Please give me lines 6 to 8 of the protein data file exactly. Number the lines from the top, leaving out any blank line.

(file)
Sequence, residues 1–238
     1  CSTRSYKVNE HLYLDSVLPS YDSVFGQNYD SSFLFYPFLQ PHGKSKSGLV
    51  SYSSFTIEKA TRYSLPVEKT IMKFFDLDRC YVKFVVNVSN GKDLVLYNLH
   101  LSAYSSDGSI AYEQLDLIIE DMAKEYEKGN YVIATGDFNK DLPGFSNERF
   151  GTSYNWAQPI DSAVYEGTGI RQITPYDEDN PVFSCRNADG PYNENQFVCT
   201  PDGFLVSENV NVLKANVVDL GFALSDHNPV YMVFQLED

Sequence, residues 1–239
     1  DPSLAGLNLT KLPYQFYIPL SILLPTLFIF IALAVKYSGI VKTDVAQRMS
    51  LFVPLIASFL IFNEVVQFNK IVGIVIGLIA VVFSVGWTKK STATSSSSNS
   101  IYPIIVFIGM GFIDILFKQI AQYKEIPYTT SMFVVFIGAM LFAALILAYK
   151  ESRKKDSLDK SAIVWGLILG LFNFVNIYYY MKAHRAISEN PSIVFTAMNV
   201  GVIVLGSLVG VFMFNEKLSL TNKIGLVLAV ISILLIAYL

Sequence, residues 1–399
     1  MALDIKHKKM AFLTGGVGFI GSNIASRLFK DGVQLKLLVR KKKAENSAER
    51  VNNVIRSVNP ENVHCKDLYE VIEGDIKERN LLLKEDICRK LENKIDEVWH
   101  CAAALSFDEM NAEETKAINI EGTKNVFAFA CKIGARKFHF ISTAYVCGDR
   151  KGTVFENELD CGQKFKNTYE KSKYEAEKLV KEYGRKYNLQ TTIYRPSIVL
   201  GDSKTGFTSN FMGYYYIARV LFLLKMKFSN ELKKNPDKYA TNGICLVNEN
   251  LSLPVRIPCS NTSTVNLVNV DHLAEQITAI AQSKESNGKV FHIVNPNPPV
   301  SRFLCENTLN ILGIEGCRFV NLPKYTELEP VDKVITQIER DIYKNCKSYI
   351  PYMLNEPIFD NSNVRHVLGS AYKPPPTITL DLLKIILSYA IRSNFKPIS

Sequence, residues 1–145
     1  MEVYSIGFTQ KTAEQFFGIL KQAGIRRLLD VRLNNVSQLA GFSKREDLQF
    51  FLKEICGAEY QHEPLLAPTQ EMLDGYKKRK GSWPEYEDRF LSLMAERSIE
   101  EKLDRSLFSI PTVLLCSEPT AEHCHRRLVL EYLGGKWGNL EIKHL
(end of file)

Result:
   201  PDGFLVSENV NVLKANVVDL GFALSDHNPV YMVFQLED

Sequence, residues 1–239
     1  DPSLAGLNLT KLPYQFYIPL SILLPTLFIF IALAVKYSGI VKTDVAQRMS